The Greater Kingsville Civic Association Inc. and the Kingsville Volunteer Fire Company are sponsoring the 35th consecutive year of the Kingsville Independence Day Parade.
Returning to kick off the parade this year will be the military flyover, which has been absent in recent years because of sequestration, Alexander said.
"It's very, very exciting to see it, coupled with the national anthem, I tell you, it will bring tears to your eyes," she said.
Pre-parade music and celebration, sponsored by Reds and PNC Bank, beings at 10 a.m. Saturday at the judges viewing stand. The hour before the parade begins includes entertainment from Buttons the Clown, Baltimore City Pipe Band, the Oriole Bird, Upper Falls Dance Academy, Releve Dance & TwirlTasTix Baton and music presentation by Jim Frank, keyboard and Sam Deacon, electric guitar.
The parade will kick off at 10:50 a.m. at the Kingsville Volunteer Fire Company on Bellvue Avenue (formation starts 9:30 a.m.) proceed down Bradshaw Road to Jerusalem Road and finish at St. Paul's Lutheran Church. (Bradshaw and Jerusalem roads will be closed at 9:50 a.m.) Check http://www.kingsvilleparade.org for parade details and weather-related updates.
Opening ceremonies presided over by Master of Ceremonies Bruce McCubbin, will be held at the judges viewing stand at 11 a.m. Christina Massimei will sing the national anthem to music from the John Carroll School Band led by Marc Bolden. The RDECOM Color Guard on behalf of Team APG will present the flag for the Pledge of Allegiance, led by a representative of the Maryland Army National Guard.
The lineup of bands include Westminster Municipal, John Carroll School, Baltimore City Pipe Band, Havre de Grace High School, Edgewood High School, C. Milton Wright High School, Joppatowne High School, Fallston High School and Patterson Mill High School, along with other community entries following this year's theme, "Proud to Be An American."
The 2015 grand marshals are Stephanie and Frank Duchacek, lifetime Kingsville residents who are involved in the community. This year's theme winner of $100 is Kelsey Stelmack, a third-grader from St. Stephen School, who also will be riding in the parade.
"It's become quite popular over the last several years. It's being well attended because people like to see the effort a small town puts together," Alexander said.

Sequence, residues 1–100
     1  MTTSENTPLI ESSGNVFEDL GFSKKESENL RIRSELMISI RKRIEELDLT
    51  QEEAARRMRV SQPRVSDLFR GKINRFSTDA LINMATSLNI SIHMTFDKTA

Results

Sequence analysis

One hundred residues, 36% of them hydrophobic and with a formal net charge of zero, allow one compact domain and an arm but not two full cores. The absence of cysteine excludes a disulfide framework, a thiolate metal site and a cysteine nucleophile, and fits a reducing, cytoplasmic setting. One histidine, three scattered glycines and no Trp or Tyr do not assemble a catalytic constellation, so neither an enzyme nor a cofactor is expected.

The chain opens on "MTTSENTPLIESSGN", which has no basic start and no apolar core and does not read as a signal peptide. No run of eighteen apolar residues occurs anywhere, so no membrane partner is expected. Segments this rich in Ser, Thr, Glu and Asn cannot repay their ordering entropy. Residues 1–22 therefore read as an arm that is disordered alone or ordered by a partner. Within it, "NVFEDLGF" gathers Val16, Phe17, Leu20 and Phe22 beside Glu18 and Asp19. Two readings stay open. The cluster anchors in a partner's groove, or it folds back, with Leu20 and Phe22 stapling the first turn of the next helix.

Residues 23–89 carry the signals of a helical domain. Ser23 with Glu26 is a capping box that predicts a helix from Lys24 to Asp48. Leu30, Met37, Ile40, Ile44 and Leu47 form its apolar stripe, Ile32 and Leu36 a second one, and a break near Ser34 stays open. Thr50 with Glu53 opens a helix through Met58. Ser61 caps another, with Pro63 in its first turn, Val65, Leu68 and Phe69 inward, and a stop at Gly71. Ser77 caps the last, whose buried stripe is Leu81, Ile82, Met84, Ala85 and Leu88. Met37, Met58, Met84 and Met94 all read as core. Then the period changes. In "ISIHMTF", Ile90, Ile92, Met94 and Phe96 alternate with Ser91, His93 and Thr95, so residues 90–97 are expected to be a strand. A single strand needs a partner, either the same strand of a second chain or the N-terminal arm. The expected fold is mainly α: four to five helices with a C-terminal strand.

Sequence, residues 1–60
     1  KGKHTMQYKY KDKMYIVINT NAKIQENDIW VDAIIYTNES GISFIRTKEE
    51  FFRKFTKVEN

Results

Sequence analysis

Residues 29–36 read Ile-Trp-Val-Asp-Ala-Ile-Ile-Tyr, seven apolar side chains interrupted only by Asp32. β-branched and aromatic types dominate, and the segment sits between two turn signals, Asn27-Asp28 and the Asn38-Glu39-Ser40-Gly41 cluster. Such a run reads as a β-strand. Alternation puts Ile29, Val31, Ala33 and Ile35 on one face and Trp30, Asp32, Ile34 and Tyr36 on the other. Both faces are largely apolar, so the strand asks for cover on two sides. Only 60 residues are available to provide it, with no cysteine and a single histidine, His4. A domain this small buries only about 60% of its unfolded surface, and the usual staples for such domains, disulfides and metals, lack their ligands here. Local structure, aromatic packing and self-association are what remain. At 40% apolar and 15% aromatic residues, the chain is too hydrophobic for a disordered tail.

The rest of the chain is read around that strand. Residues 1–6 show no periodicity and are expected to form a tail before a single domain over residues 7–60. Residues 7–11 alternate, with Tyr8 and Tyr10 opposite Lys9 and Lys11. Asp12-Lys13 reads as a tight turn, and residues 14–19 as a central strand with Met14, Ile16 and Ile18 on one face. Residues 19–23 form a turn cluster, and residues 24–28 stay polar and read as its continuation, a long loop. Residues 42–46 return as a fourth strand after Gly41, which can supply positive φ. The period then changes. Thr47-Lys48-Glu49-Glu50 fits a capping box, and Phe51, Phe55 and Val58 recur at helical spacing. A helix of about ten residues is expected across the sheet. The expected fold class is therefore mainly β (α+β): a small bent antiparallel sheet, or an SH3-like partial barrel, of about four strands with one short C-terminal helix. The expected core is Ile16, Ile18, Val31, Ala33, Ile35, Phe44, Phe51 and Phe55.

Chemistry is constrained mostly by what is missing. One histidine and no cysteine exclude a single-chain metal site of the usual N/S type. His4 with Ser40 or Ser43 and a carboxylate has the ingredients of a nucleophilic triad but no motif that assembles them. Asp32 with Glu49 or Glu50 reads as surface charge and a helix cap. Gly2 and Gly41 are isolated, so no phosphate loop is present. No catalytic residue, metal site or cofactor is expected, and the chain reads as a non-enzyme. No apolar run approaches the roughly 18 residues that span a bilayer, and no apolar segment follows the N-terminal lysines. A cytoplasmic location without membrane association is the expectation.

Biggest event in HdG
Charlie Mike, a lifelong Havre de Grace resident, has spent the past 30 years helping pull off one of the largest community events in Harford County, the annual Havre de Grace Independence Day celebration that also draws people from all over to the city:
This year's celebration begins Wednesday with the annual carnival in Tydings Park. The carnival runs through Sunday, July 5, the culmination of the celebration that includes a massive parade along the tree-lined Union Avenue, a concert in the park and a fireworks show.
Mike estimated a combined 50,000 people visit the city for all of the events.
"This event is the biggest in Havre de Grace," Mike said of the July 5 carnival, parade, concert and fireworks show. "It's one of the biggest events in Harford County, if not the biggest single-day event."
Mike began helping with the planning and organizing of the parade in 1985. The events are put on by the Havre de Grace independence Celebration Inc., a nonprofit organization staffed by a nine-member full-time committee that works with multiple donors and community volunteers.
Mike, who has been president of the committee since 2000, said the full-time members are unpaid volunteers.
Other members include Vice President Dennis Bolen, Treasurer Debbie Ault, Secretary Jackie Hoover, Carolyn Narvell, husband and wife, Garrett and Doris Lyttle, and husband and wife, Dave and Marilyn Brown.
"We're fortunate; we have a good committee," Narvell, who has been a member since 1987, said. "We work well together, and we always welcome new members, of course, because it's a very big job."
The committee became incorporated in 1989, which Mike said helps members with the year-round task of raising funds.
Mike said it costs $70,000 to $75,000 to put on all of the events each year. About $30,000 comes from the carnival, and the rest is raised from Havre de Grace residents who give contributions ranging from $5 to $200, a few fundraisers done in partnership with area restaurants and larger donations from the business community.